Oil and Gas Update: Traps for the Unwary

By Nils P. Johnson Jr.
Johnson & Johnson Law Firm

YOUNGSTOWN, Ohio – A dozen years ago Chesapeake Energy (CHK), fresh from a successful drilling program in the Barnet shale in Texas, launched a massive oil and gas leasing program in Jefferson and Columbiana counties in Ohio.  Chesapeake’s targets were two Ordovician Age shales known as the Point Pleasant and the Utica. 

Enjoying success with its first horizontal wells, CHK expanded its leasing efforts north into Mahoning County, west into Carroll County and down into other river counties to the south. Other drillers were attracted to Ohio such as Hilcorp, Ascent, Rice, Antero and Gulfport. Lease signing bonuses reached $5,000 an acre.

The Utica/Point Pleasant shales sit in an ancient shallow sea basin, which is shallower to the west and at increasing depths to the east.  The deeper organic compounds are buried, the greater the pressure upon them and thus the faster they get transformed into usable products. 

What starts as bitumen is transformed over millions of years, first into petroleum, and then with further “cooking,” into wet natural gas and eventually into the driest form of gas, pure methane. This process created transitional zones across the basin, with oil to the west, wet gas in the middle and fully cooked, dry gas in the east.

CHK’s first wells targeted the eastern, dry gas side of the play. It then worked its way west and finally ran into wet gas and oilier wells as it moved into the middle of Carroll County. (At this point oil prices tumbled and the play slowed down.)

The kind of wells targeted depends upon the current price of a particular hydrocarbon. So if oil is up and gas is down, oil wells are favored and vice versa.

Shales are fine-grained, extremely tight rocks with low porosity and permeability. To allow the hydrocarbons within them to flow out, it is necessary to hydraulically fracture them by injecting water under extreme pressure.

Sand is then added to the liquid stream so that when fractures are created the sand props them open so oil and gas can come out.

Other additives are added to the fluids that prevent the clays in the formation from swelling and shutting off the passageways created by the “frac” job. The proprietary formulas companies use for their frac jobs tend to improve over time.

In the early 2010s, Chesapeake experimented with the way it drilled and completed its wells. Initially the laterals were about 6,000 feet long and were stage-fracked every 500 to 600 feet.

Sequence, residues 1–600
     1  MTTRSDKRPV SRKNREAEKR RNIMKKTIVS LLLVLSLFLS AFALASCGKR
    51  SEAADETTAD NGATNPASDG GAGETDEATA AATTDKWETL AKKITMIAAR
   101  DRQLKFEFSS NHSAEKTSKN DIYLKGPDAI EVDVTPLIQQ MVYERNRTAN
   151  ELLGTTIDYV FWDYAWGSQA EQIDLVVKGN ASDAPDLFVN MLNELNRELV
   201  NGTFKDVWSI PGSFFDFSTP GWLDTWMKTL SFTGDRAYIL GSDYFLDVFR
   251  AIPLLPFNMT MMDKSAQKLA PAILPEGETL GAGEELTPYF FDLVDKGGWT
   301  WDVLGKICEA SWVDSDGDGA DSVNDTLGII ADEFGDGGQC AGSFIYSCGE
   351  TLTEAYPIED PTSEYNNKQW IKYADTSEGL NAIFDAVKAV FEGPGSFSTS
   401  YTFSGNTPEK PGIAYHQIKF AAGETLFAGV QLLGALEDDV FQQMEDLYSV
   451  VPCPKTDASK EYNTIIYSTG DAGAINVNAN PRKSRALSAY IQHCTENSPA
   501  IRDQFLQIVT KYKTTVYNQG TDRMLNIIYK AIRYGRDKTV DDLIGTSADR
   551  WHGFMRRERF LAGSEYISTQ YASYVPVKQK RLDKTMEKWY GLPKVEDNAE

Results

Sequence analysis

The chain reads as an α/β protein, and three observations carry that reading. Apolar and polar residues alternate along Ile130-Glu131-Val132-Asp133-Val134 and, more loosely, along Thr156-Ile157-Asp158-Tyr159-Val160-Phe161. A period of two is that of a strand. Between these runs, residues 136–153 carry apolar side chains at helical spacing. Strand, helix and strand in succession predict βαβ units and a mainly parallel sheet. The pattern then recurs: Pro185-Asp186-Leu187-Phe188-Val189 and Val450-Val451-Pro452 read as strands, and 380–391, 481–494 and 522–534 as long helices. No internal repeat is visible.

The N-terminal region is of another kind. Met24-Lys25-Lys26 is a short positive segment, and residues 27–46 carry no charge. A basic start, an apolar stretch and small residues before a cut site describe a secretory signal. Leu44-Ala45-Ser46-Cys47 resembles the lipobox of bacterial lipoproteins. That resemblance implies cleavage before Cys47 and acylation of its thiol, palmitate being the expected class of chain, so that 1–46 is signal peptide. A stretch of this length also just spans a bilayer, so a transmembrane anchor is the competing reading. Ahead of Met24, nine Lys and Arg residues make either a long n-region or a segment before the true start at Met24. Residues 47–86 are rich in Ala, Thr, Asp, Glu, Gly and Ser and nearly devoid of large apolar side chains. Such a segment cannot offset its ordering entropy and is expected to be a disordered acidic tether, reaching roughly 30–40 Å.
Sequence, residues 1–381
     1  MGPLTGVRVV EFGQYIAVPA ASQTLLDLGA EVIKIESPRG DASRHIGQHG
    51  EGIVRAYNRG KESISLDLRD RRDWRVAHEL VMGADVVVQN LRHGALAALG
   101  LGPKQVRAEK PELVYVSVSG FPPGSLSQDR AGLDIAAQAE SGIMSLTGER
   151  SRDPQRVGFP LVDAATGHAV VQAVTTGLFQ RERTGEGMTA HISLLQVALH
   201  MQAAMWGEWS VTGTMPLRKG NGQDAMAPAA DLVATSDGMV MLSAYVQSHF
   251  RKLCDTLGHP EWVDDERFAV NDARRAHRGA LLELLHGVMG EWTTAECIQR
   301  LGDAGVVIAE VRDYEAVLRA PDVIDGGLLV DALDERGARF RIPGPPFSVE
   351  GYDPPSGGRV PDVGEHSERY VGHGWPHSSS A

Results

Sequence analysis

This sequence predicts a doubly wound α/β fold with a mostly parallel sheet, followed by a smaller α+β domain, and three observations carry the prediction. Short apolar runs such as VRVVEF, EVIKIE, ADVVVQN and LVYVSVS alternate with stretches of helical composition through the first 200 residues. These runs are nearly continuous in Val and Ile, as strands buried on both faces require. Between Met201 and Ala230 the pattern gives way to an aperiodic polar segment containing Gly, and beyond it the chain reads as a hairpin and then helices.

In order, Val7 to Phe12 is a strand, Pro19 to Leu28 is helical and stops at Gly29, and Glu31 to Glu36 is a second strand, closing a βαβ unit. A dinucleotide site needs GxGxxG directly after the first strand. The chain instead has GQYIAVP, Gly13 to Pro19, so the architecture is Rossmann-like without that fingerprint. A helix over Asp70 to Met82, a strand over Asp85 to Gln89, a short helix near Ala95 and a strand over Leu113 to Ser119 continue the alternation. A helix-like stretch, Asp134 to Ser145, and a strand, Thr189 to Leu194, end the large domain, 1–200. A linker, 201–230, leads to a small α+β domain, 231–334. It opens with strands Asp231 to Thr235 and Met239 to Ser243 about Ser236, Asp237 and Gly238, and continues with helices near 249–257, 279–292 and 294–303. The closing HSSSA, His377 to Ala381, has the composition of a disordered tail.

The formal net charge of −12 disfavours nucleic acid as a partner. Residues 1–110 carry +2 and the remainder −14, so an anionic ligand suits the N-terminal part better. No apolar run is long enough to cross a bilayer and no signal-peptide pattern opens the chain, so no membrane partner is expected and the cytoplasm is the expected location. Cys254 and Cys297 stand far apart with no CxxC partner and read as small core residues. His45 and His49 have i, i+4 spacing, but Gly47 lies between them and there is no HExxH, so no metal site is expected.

Fast forward to 2024 and laterals now approach four miles and are fracked every 250 to 300 feet.  The result is that wells now are much more productive, with western Carroll and Columbiana County ones turning on at from 400 to 800 barrels of oil and 5,000 mcfs of gas a day. With oil approaching $80, this has resulted in a second drilling boom on the western side of the play.

Landowners need to understand some things about oil and gas leases as they are being revisited by petroleum landmen trying to get them to sign papers for round two.

An oil and gas lease has a two-part term. Typically, there is an option period, often five years, during which a driller can make a choice to drill or not.

If a well is drilled and production is achieved, then the lease continues indefinitely. In effect, in the typical lease formulation, “as long as oil or gas, or the constituents of either are produced in paying quantities in the judgment of the lessee.”

When the price of natural gas was deregulated in the late 1970s, a great many shallow Clinton sandstone wells were drilled in Ohio.

If those wells continue to produce in “paying quantities,” then the leases, which hold both shallow and deep drilling rights, continue in effect. The operators/lessee get of adequately productive Clinton wells sell their lease deep shale rights to the large shale players.

As suggested, an oil and gas lease can lapse 1) where the lease has stopped producing in paying quantities, or 2) because all wells on the leased wells were shut in for long periods of time and, thus, were not “produced” at all.

Petroleum landmen these days are visiting landowners to get them to sign lease ratifications or amendments so that a lapsed lease can be revivified. 

Landowners, take notice!

If an old lease has gone out of effect, then the landowner is free to sign a new one and a new lease means an increased landowner royalty from 12.5% to 18% or more, along with a fresh signing bonus of thousands of dollars an acre.

Where a mineral owner remains bound by an old lease, he/she should be aware that such leases typically provide only for drilling units of up to 160 acres.

Currently operators can drill up to a dozen four-mile laterals from a single well pad and drilling units can be several thousand acres. This means a driller will have to approach the lessor of an old lease to renegotiate things, giving the landowner the leverage to ask for better terms.

Two warm winters have crushed the price of natural gas while the oil price remains robust.

Therefore, if you own land on the western, oily side of the play, if a landman knocks on your door, don’t go it alone. Consult with an experienced oil and gas attorney.  As just discussed, there are a lot of tricks in the oil and gas business.

Pictured at top: The Shell Polymers Monaca plant sits on 800 acres along the Ohio River. 

Copyright 2024 The Business Journal, Youngstown, Ohio.